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B.C. wines take on top dogs

B.C. wines were pitted against some of the best wines in the world Tuesday in Summerland at the second annual Judgment of BC.

The event pitted 12 B.C. wines, six pinot noirs and six reislings, against 12 “international benchmark” wines in a blind taste test.

The wines were judged by 31 wine critics throughout the day, and while none of the B.C. wines came out on top, CedarCreek’s 2012 Platinum Block 3 Riesling came in second to Germany’s 2013 Max Ferd. Richter Graacher Himmelreich Riesling Kabinett.

“This is not about win or lose, good or better,” said DJ Kearney, curator of the event. “This is about putting B.C. wines up against really stiff competition and what great results.”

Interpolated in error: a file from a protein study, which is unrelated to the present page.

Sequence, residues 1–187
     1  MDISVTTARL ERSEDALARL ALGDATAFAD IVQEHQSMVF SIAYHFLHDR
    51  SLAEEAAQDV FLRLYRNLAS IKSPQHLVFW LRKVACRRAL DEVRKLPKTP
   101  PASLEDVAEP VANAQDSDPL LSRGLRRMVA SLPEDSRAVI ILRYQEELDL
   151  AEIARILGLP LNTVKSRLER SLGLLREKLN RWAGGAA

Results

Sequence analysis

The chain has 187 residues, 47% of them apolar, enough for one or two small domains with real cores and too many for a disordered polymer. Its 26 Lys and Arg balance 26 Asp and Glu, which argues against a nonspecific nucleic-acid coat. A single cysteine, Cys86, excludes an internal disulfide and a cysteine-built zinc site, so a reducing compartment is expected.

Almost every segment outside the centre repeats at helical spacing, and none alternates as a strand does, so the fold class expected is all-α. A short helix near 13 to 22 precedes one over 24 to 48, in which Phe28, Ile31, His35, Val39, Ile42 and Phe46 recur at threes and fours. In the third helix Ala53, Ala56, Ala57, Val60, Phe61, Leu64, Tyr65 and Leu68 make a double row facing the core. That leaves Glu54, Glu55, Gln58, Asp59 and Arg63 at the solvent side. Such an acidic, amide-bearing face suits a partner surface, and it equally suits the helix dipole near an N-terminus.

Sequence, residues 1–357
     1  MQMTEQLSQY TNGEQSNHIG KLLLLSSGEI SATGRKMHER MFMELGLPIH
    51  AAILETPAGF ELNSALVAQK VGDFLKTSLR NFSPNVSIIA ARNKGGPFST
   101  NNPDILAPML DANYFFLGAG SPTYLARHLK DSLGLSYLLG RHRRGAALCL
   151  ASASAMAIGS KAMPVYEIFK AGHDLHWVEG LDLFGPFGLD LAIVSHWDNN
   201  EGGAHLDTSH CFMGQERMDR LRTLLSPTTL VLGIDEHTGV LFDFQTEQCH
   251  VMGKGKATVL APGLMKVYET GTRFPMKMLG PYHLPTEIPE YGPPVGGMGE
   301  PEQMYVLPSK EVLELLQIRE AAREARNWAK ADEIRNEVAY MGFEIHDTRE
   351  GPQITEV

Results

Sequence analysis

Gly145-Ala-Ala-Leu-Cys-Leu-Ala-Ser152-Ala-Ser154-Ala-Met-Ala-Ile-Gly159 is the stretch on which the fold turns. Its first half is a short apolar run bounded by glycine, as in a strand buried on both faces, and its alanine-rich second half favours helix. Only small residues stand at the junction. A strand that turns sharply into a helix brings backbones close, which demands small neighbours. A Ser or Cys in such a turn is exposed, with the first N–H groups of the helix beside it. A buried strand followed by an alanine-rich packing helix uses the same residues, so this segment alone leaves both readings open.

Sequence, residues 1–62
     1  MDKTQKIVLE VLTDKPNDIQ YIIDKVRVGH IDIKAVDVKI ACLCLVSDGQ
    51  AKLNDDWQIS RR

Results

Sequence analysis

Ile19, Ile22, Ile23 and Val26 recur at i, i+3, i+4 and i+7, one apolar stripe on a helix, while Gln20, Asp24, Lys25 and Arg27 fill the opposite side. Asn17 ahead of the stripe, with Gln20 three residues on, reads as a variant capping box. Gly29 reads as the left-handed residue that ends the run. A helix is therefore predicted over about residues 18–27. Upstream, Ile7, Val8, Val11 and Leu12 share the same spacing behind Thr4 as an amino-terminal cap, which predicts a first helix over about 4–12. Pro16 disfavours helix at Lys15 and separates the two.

“The global wines were all chosen for a reason to challenge, to push and to help us realize that we are in great company.”

Many of the judges commented on how the B.C. wines did not seem out of place amongst the esteemed international wines.

“What was really interesting when I tasted through those 12 wines blind, I couldn’t pick out the B.C. wines which tells me they belong in their peer group which is a ringing endorsement for B.C. wine that we’re on the right track,” said Dr. Jamie Goode, a British wine critic.

In the pinot noir category, France’s 2012 Bouchard Père Premier Cru Beaune Clos de la Mousse Monopole took the top spot, while Summerland’s 2014 Haywire Canyonview Pinot Noir was the best of the B.C. Pinots, fourth overall.

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